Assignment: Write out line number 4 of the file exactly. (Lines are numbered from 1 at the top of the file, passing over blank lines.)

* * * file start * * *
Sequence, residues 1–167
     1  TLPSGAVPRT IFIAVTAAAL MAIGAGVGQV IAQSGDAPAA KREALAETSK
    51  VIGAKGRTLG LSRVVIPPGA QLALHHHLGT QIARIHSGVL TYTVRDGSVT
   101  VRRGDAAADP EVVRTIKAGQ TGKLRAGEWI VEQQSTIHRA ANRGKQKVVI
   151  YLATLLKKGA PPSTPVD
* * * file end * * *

   101  VRRGDAAADP EVVRTIKAGQ TGKLRAGEWI VEQQSTIHRA ANRGKQKVVI